Kale B Fajardo

Associate Professor of American Studies and Asian American Studies & Director of Graduate Studies (American Studies)

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Personal profile

Personal profile

Kale B. Fajardo is an Associate Professor of American Studies and Asian American Studies at the University of Minnesota, Twin Cities. Fajardo's academic training is in cultural anthropology, Philippine Studies, Asian American Studies, and feminist/gender/queer studies. He completed his MA and PhD (both in cultural anthropology) at the University of California, Santa Cruz. His Bachelor's degree is from Cornell University (Human Development Studies major; SE Asian Studies and Feminist Studies concentrations.) Fajardo's first book, Filipino Crosscurrents: Oceanographies of Seafaring, Masculinities and Globalization (University of Minnesota Press, 2011, reprinted by University of the Philippines Press, 2013) is an interdisciplinary ethnography that analyzes and documents the cultural politics of Filipino migrant and maritime masculinities in the local/global shipping industry, in the context of local/global neoliberal capitalism (1998-2001). Professor Fajardo uses postcolonial theory, critical race theory, queer theory, and feminist theory to analyze the aforementioned phenomena and issues. In particular, Fajardo's book is concerned with how the Philippine state used Filipino seamen or Overseas Filipino workers (or the figure of the Filipino seaman and OFW) to promote neoliberal and neocolonial economic policies and development projects in Manila and the broader context of the Philippines at the end of the 20th Century. His book is also concerned with how Filipino seamen articulate or enact alternative and resistant masculinities (compared to dominant state sanctioned and created masculinities.) Filipino Crosscurrents is based on fieldwork that Fajardo conducted in Manila, Oakland, as well as on board an industrial container ship that traveled from Oakland to Hong Kong (via Osaka, Tokyo, and Kiaoshung.) Fajardo's recent publications include "Queering and Transing the Great Lakes: Filipino/a Tomboy Masculinities and Manhoods Across Waters" (published in GLQ, 2014) and "Decolonizing Manila-Men and St. Malo, Louisiana: A Queer Post-colonial Asian American Critique" (published in Filipino Studiies: Palimpsests of Filipino Studies edited by Martin F. Manalansan and Augusto Espiritu, NYU Press, 2016.) Fajardo is currently working on two book projects: Chasing Carlos: Filipino Migrant Masculinities – From Magellan’s Circumnavigation to Contemporary Global Shipping and Rivers, Canoes, and the Sea: Re-imagining Malolos (Bulacan, Philippines) in the Contexts of Nationalism, Tourism, and Climate Change.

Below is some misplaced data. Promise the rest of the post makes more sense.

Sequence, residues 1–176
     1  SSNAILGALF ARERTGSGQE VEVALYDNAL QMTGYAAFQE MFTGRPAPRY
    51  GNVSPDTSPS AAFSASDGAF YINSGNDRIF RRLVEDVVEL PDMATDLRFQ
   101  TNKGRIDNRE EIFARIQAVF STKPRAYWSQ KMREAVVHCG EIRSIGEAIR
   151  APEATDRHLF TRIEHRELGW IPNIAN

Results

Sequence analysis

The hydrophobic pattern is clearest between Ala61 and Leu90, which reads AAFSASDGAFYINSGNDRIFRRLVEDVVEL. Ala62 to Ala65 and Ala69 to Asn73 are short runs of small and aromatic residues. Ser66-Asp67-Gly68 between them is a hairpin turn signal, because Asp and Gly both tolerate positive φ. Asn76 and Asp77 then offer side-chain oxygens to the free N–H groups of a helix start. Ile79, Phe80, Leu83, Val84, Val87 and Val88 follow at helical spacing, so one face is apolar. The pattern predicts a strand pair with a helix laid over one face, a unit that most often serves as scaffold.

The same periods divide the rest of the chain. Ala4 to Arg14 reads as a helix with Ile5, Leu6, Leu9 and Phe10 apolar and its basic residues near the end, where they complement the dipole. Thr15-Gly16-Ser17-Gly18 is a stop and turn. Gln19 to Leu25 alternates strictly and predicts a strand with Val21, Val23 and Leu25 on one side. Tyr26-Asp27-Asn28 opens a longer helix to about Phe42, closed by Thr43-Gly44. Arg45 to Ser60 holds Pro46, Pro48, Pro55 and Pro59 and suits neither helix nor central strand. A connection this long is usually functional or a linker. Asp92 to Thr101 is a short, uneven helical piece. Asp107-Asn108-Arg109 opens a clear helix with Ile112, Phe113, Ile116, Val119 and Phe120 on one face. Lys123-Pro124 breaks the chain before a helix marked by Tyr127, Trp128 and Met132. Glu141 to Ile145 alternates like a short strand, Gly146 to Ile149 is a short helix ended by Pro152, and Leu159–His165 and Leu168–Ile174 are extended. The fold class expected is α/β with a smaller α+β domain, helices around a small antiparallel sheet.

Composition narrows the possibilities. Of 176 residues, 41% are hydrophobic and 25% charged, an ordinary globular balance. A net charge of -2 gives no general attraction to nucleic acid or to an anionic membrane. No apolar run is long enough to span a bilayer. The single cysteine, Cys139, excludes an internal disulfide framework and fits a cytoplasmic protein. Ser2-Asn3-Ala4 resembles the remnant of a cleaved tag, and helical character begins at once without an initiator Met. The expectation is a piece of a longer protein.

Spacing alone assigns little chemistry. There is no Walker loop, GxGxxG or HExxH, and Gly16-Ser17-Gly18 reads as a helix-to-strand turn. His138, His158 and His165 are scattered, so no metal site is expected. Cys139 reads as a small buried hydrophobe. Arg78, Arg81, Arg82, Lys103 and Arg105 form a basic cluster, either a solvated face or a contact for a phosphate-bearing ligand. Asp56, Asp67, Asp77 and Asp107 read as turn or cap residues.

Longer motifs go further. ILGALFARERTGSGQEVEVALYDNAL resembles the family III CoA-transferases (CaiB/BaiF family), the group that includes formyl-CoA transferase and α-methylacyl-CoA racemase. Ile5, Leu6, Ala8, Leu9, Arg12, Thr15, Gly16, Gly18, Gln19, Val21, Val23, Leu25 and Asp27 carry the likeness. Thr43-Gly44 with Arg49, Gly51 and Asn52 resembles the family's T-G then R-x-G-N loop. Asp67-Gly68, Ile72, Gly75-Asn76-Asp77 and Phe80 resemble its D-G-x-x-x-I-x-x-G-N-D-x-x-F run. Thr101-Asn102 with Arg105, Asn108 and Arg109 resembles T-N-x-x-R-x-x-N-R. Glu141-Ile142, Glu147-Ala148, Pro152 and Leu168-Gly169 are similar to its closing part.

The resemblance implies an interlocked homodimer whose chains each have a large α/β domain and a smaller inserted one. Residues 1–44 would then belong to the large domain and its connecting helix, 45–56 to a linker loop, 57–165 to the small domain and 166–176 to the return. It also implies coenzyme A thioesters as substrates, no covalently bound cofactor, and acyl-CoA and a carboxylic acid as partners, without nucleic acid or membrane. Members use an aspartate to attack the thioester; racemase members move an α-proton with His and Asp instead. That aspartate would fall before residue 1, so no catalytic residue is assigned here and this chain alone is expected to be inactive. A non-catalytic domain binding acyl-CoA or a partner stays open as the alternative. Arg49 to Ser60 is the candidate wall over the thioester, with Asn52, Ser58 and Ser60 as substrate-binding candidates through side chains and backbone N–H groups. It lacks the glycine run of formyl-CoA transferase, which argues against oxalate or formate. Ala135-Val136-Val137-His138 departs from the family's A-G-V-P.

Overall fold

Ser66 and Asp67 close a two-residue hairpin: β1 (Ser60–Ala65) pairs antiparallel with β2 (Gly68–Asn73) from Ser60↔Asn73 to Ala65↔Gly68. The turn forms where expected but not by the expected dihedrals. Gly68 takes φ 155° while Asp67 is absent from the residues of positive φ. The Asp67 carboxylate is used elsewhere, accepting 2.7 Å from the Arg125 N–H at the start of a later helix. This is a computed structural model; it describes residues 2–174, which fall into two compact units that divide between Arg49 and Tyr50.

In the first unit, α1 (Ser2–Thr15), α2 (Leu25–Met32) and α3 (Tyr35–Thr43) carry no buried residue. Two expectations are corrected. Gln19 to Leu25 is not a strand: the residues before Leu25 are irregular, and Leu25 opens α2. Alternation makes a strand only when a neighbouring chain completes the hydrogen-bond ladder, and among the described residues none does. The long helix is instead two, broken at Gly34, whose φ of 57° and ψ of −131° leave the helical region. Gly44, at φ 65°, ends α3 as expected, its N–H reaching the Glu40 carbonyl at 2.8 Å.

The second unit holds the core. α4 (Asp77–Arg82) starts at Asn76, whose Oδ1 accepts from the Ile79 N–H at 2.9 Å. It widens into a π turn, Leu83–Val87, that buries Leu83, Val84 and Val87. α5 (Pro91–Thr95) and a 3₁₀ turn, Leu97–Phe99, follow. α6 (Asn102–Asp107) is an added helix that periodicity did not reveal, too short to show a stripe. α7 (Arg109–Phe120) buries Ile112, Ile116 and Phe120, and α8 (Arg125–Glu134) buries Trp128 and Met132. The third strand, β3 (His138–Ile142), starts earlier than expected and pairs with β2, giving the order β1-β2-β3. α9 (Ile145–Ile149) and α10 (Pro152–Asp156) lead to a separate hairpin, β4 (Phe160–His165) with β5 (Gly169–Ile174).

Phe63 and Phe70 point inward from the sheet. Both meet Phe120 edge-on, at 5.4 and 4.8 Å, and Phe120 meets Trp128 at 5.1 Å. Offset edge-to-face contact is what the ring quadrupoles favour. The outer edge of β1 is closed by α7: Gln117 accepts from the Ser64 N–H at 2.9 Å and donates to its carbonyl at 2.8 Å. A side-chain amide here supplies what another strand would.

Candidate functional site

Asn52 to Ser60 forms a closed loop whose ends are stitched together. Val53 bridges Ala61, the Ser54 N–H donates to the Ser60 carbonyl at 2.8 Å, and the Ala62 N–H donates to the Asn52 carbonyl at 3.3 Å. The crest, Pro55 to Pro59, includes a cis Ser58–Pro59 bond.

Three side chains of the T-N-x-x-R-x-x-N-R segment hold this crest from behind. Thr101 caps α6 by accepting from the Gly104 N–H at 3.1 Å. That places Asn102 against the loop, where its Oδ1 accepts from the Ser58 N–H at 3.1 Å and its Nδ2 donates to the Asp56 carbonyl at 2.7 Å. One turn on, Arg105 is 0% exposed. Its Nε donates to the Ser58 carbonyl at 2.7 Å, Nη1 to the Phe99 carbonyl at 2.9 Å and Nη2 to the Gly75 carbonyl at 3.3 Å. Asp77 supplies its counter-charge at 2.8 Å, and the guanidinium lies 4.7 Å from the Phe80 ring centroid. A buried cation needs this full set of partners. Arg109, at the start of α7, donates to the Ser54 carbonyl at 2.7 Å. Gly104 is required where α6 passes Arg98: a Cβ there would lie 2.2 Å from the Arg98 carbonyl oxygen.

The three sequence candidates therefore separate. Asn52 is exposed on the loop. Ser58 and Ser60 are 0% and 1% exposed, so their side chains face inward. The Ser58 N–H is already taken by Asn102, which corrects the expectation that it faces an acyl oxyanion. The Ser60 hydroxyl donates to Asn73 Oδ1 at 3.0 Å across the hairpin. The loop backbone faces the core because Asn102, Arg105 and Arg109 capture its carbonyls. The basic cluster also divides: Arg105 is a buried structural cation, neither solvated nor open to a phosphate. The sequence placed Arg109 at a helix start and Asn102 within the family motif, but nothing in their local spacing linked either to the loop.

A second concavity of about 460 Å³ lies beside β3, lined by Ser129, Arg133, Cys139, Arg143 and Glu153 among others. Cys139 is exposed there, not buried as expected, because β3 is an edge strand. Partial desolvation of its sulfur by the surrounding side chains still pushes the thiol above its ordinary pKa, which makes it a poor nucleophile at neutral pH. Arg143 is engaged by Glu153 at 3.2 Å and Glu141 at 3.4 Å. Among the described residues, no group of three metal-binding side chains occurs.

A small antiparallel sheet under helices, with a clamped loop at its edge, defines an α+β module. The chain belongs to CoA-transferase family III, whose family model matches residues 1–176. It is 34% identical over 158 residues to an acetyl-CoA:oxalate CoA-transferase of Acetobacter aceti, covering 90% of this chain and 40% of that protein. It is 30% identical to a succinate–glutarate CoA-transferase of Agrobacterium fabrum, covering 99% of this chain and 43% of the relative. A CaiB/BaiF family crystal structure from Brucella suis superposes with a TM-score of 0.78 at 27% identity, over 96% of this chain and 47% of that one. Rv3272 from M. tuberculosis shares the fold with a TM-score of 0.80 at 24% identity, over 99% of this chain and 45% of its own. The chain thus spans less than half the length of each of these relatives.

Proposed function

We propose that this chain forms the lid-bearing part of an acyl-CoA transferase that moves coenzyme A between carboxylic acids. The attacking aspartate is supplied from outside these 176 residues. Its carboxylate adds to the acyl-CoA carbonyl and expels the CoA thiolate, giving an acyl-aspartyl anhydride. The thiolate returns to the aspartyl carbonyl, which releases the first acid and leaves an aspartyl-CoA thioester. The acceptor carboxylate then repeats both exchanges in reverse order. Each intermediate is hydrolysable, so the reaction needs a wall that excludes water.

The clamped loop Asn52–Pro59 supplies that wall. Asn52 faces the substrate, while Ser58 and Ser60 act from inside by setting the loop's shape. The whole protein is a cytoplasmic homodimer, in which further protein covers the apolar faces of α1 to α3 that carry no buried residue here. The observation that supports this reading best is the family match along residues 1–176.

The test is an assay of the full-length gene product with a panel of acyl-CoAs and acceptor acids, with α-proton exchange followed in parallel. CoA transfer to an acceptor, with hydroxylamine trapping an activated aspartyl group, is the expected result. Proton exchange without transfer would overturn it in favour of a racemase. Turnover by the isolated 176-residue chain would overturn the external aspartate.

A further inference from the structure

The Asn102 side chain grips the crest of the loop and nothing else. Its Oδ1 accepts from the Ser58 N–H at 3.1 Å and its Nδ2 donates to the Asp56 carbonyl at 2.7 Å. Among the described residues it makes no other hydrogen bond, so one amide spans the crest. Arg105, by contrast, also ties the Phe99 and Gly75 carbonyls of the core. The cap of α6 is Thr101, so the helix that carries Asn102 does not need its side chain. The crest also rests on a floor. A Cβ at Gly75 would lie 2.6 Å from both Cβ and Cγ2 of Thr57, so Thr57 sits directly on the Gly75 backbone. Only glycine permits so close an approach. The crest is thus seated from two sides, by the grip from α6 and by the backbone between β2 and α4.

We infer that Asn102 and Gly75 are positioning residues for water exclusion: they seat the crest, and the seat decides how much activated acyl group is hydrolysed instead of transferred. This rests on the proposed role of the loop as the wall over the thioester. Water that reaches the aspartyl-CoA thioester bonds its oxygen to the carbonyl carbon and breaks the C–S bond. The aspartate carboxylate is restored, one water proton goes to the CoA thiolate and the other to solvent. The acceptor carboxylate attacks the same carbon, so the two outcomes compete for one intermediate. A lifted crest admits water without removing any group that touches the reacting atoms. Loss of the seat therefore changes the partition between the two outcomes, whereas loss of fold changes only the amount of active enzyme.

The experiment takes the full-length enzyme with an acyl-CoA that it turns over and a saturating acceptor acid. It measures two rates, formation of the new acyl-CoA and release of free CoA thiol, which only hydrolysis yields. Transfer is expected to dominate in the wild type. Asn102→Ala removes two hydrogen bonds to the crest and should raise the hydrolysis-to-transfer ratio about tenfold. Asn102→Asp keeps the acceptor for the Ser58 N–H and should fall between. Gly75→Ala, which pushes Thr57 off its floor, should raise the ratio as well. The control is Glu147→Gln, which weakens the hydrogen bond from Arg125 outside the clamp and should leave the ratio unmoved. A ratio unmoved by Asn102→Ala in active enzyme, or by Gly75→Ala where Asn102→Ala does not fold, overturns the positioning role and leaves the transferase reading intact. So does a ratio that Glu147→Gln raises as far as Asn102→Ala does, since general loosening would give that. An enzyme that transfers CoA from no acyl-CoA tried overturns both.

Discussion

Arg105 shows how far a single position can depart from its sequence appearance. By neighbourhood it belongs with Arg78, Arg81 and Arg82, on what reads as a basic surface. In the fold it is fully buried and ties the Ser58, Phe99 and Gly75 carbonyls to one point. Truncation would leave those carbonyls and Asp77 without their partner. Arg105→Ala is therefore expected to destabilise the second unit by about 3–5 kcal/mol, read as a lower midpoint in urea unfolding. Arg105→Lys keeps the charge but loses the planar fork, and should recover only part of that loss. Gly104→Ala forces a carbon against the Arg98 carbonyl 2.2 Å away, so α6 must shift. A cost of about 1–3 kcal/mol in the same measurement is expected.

Expertise related to UN Sustainable Development Goals

In 2015, UN member states agreed to 17 global Sustainable Development Goals (SDGs) to end poverty, protect the planet and ensure prosperity for all. This person’s work contributes towards the following SDG(s):

  • SDG 10 - Reduced Inequalities
  • SDG 13 - Climate Action
  • SDG 14 - Life Below Water

Education/Academic qualification

PhD, University of Santa Cruz

Award Date: May 15 2004

MA, University of Santa Cruz

Award Date: May 15 1996

BS, Cornell University

Award Date: May 15 1990

External Positions

Adjunct Faculty, California State University Monterey Bay

Sep 2004Dec 2004

Grants Writer, Asian and Pacific Islander Wellness Center


Development Director, International Gay and Lesbian Human Rights Commission


Grants Writer, Global Exchange


Adjunct Faculty, Vista Community College (Berkeley, CA)


Research Interest Keywords

  • Philippines/Philippine Studies
  • Filipino masculinities
  • Filipino/a migration
  • racialized and classed genders/sexualities
  • marine/cultural heritage
  • climate change - Philippines
  • Filipino/a American Histories
  • queer theory/queer of color critique
  • space/place
  • Ocean Worlds - Pacific
  • globalization
  • Philippine/Filipino maritime history
  • Asian American Studies
  • Critical Ethnic Studies
  • American Studies


The Fingerprint is created by mining the titles and abstracts of the person's research outputs and projects/funding awards to create an index of weighted terms from discipline-specific thesauri.
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